How do the characterization and conflicts question the conventional psychological and social setbacks of institutionally educating children? From Flannery O'Connor's "Everything that Rises Must Converge"
Wow, that's quite a question. If I'm reading it correctly, inherent in the question is the assumption that Julian's problems are caused by the educational institution. I'm just not willing to go that far; it seems pretty clear that Julian's character, choices, and conflicts all stem from his efforts to teach his mother some kind of a lesson. That's personal, not instuitutional.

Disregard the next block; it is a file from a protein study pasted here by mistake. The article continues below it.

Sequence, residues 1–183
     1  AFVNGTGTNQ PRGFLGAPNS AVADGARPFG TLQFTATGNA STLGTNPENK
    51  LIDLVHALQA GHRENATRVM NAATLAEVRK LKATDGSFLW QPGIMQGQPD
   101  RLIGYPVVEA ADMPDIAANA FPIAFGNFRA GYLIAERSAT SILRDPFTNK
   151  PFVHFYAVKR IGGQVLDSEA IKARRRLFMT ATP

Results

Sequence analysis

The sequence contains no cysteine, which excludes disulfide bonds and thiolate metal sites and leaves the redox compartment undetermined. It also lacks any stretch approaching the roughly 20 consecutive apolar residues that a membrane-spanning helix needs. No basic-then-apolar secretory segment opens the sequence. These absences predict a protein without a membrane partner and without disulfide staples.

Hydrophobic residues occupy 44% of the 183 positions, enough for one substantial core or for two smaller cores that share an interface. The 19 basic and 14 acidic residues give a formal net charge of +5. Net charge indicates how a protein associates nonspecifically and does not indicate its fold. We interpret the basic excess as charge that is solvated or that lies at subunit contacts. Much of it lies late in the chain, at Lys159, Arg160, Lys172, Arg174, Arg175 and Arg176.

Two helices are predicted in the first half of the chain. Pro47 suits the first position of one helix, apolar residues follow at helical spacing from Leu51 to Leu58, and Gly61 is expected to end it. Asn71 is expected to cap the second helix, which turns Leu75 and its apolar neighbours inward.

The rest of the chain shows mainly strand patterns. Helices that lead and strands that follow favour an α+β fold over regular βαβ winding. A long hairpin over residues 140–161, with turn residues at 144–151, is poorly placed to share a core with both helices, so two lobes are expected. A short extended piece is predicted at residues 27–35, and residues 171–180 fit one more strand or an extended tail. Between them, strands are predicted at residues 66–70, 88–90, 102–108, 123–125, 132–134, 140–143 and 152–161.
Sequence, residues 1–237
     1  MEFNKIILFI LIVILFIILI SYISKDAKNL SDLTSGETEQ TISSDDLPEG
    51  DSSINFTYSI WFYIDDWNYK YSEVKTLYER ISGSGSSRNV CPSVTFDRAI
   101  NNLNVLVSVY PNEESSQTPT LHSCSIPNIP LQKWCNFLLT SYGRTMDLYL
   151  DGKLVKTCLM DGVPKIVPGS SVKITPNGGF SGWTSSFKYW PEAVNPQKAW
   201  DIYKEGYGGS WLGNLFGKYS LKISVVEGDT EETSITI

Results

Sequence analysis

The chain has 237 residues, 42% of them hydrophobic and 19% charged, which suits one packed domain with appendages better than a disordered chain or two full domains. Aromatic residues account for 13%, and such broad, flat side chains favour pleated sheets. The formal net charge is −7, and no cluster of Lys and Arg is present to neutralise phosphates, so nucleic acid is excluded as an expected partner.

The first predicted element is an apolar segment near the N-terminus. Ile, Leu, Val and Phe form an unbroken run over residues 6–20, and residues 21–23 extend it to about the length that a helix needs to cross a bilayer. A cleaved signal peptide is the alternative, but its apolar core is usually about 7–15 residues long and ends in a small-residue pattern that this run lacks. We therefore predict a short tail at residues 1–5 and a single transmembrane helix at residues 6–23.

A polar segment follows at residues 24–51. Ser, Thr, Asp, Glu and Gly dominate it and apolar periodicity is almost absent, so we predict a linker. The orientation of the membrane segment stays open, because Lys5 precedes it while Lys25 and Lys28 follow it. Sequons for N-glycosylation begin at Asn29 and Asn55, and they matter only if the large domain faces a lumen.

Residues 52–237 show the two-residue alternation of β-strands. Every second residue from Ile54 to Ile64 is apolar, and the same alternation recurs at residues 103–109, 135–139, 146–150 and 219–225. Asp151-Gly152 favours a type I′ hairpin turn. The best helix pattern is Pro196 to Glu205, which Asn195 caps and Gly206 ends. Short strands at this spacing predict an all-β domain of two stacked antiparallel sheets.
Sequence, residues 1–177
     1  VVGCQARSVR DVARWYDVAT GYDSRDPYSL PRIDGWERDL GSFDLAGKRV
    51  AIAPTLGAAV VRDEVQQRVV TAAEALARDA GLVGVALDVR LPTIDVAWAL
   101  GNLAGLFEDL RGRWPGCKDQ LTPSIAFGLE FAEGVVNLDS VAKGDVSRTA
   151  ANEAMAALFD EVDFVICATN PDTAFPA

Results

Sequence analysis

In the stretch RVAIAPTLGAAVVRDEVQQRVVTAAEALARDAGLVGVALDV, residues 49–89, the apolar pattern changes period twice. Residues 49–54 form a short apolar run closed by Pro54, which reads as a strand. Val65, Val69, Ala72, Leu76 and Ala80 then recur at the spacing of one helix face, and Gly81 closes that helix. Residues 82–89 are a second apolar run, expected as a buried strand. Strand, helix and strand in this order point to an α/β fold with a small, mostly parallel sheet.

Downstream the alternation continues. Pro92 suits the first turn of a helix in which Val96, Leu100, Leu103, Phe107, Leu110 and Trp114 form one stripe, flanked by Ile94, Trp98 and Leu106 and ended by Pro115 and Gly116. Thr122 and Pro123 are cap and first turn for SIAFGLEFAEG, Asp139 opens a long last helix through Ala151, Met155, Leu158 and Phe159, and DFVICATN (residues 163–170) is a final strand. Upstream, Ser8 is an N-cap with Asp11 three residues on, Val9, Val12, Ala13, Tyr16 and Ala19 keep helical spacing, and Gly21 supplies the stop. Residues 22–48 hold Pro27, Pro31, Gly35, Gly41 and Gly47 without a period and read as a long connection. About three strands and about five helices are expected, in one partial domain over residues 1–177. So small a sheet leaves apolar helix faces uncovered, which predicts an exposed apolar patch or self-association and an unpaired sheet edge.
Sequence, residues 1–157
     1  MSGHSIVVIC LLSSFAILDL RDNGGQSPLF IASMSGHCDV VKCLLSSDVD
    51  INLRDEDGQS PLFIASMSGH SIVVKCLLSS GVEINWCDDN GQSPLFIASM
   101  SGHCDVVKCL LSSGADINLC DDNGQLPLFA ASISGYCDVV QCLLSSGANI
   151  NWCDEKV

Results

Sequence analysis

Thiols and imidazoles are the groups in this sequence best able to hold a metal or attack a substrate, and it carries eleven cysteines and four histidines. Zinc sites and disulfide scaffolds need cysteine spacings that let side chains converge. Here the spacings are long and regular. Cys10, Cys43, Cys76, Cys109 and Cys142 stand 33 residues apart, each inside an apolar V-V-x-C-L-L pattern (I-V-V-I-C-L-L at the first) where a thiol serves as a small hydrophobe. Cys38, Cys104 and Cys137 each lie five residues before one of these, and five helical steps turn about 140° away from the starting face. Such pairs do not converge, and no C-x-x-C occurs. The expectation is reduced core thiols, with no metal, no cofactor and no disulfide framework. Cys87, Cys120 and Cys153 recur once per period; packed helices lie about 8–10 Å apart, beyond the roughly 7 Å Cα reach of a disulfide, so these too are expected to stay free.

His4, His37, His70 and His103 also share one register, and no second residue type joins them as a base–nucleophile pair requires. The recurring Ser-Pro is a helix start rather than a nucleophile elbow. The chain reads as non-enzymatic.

Julian is a recent college graduate. "'He wants to write but he’s selling typewriters until he gets started,'" says his mother. He's still living at home but can't wait to move out. We don't know what his degree is, but he's clearly not motivated to do much more than he has to in order to buy his cigarettes and live his self-centered life. We know his mother has gone without to ensure he had everything he needed. She has also coddled him and made him too soft,...
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